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In association with the Visual Voices & Bok Gwai Project presented at IMMA, we invite Dr Veronica Crosbie, Assistant Professor in Migration and Intercultural Studies in SALIS, Dublin City University, to introduce the MELLIE programme and Visual Voices Project 2021.
Lecture: To give context to this project, Dr Veronica Crosbie presents a talk on the University of Sanctuary Model and network in Ireland (UoSI) initiated by DCU as the first University of Sanctuary in Ireland in 2016. The University of Sanctuary model advocates and promotes a culture of hospitality and inclusion in higher education for refugees and those seeking asylum, that is based on the concept of welcoming strangers. As more universities nationwide sign up and the network continues to grow, Dr Crosbie reflects on the timely importance of the University of Sanctuary Model in Ireland, and the ways this offers a valuable framework for essential work in supporting and developing socially just institutes of higher education – migrant and refugee studies – strategies for integration – critical pedagogies – participatory research and concepts of cosmopolitan citizenship within the higher education and cultural sector.
Response: To follow, we hear from Julie Daniel, coordinator of the DCU University of Sanctuary Mellie programme, who discusses the process of photovoice methodology and working with participants of the Mellie programme at DCU/ Visual Voices, exploring how the themes of hospitality and hope evoke the shared experiences of Direct Provision residents and DCU staff and student volunteers as captured in image and texts currently on display in the Project Spaces at IMMA.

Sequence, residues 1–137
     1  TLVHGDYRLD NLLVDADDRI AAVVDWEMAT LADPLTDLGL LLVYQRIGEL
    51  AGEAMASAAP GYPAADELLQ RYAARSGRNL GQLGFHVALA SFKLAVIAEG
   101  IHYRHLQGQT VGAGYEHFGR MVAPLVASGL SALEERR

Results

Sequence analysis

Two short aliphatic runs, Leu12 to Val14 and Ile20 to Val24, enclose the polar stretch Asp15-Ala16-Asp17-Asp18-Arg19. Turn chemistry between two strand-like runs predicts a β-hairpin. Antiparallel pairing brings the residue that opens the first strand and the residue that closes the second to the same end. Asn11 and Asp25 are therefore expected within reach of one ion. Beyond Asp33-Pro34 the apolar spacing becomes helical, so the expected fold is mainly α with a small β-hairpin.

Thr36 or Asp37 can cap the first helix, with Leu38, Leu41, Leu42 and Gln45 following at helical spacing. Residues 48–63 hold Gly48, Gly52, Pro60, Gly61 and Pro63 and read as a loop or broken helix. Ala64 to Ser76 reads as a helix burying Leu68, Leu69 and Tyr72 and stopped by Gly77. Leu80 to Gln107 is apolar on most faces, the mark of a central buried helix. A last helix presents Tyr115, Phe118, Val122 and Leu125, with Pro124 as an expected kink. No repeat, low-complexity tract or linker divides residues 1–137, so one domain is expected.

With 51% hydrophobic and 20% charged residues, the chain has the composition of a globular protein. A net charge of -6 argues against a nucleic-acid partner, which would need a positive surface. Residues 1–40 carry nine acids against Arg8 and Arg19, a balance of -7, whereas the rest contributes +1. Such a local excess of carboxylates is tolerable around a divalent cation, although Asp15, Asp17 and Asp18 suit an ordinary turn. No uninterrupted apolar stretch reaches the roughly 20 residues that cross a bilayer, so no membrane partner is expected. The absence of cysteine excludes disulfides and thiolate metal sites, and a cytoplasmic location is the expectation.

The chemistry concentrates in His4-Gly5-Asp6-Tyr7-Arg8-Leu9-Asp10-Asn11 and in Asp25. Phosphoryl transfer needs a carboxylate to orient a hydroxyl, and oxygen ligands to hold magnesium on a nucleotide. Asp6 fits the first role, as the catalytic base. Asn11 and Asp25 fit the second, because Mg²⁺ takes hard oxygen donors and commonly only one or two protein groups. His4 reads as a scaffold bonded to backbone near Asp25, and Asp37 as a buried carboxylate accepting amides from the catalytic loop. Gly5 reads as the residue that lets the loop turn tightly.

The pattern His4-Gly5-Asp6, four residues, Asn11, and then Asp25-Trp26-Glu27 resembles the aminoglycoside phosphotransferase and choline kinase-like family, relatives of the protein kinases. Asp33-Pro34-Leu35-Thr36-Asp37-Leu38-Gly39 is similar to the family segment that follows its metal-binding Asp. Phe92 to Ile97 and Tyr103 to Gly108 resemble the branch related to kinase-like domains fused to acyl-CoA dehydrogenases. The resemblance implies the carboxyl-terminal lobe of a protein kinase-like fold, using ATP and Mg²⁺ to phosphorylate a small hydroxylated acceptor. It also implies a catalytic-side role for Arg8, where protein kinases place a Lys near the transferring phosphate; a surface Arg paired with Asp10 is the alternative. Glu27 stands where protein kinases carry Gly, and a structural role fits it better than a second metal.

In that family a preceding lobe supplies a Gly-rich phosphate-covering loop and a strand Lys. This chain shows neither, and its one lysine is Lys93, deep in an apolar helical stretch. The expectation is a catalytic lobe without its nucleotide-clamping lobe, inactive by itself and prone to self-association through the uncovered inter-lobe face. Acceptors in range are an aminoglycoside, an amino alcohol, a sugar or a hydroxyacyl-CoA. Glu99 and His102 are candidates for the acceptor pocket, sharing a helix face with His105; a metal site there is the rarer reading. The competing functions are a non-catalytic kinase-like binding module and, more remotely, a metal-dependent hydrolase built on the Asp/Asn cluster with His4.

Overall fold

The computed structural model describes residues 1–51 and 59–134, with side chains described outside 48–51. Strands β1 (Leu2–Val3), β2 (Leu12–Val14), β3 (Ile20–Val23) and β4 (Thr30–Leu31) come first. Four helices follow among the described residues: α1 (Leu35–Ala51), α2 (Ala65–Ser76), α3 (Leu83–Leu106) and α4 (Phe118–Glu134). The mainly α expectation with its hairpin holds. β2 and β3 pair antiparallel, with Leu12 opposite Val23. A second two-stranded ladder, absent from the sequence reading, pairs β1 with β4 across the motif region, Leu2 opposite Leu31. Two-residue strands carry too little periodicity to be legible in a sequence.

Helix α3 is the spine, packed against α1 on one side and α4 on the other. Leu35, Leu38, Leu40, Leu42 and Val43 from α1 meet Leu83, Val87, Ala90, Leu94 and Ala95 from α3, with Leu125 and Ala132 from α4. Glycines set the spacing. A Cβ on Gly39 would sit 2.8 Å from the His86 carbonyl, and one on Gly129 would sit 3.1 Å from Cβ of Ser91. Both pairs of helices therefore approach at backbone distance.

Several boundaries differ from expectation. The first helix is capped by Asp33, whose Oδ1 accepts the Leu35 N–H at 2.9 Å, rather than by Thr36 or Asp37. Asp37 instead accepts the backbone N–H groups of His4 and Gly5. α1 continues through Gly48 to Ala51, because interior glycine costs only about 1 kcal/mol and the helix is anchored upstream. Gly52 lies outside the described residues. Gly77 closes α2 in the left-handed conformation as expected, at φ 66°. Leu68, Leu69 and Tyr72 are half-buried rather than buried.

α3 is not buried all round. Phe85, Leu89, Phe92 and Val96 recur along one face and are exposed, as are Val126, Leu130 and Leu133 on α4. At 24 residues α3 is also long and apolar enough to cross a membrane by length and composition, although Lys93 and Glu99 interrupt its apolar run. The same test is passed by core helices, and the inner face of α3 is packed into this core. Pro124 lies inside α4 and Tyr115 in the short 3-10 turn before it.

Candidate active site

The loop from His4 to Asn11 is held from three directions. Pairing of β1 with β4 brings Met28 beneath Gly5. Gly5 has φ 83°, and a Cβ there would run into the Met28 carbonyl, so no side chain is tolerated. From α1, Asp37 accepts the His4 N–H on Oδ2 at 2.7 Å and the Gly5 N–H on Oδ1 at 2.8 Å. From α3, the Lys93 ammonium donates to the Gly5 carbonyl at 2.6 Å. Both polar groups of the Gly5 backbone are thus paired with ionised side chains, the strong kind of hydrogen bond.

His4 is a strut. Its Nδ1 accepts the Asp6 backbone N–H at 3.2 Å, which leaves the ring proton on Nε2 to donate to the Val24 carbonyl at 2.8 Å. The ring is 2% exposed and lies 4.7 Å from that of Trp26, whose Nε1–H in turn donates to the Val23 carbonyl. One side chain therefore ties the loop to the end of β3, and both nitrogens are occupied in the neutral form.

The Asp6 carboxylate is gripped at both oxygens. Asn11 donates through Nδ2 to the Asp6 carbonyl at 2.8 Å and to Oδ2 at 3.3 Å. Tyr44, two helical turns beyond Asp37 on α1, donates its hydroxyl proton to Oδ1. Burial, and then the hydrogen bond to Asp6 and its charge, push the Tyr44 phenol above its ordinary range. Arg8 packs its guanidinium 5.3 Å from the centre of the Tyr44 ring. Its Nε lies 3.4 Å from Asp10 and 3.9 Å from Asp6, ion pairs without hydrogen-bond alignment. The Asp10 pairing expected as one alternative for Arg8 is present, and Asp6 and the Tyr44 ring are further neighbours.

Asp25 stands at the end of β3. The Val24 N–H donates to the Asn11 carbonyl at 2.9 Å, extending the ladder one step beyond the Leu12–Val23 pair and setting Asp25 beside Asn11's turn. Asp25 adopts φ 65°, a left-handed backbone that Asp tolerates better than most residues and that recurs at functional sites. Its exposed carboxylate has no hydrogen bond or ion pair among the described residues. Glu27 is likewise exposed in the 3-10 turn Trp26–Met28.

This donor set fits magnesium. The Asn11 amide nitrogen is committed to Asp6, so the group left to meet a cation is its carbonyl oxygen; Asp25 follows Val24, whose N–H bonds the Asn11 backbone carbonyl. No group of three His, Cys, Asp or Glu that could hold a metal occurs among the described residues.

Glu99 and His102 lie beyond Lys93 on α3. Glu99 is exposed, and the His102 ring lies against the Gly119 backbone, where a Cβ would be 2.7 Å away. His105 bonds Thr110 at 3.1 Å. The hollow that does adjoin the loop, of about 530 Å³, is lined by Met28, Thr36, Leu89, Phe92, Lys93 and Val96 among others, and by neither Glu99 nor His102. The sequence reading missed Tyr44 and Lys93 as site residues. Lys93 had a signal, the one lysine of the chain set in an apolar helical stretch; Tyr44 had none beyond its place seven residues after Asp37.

Closing Discussion: with Dr Veronica Crosbie, Julie Daniels and Janice Hough, Residency programmer and curator of Visual Voices & Bok Gwai, and moderated by Helen 0’Donoghue, Head of Engagement and Learning, IMMA who come together to reflect on DCU/IMMA collaboration and related programming at IMMA.
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Dr Veronica Crosbie is an Assistant Professor in Migration and Intercultural Studies in SALIS, Dublin City University. Other roles and responsibilities include Chair of the University of Sanctuary Ireland (UoSI) network. Crosbie was instrumental in establishing DCU as the first University of Sanctuary in Ireland in 2016, which entails creating a culture of welcome for asylum seekers and refugees, and more recently she has co-facilitated the establishment of NOMADS (Network of Migration and Diversity Studies) in DCU. In 2017, she co-hosted the colloquium Asylum Narratives and co-edited a special issue related to the theme for the journal Studies in Arts and Humanities, which was published in January 2019.
Dr Crosbie’s doctoral research focused on the development of capabilities for critical cosmopolitan citizenship in higher education. She have published on this theme in international peer-reviewed journals and edited book collections, as well as giving keynote lectures on the subject in South Africa, the UK and Spain. Over the course of the past three years, she have conducted participatory action research on integration through the arts with social enterprise BlueFire. More recently her focus has turned to applying capability approach theory to asylum and refugee contexts, most notably concerning Direct Provision in Ireland, again using participatory action research methodology. Currently she investigating the university of sanctuary model as a framework for supporting and developing socially just institutes of higher education. See more details here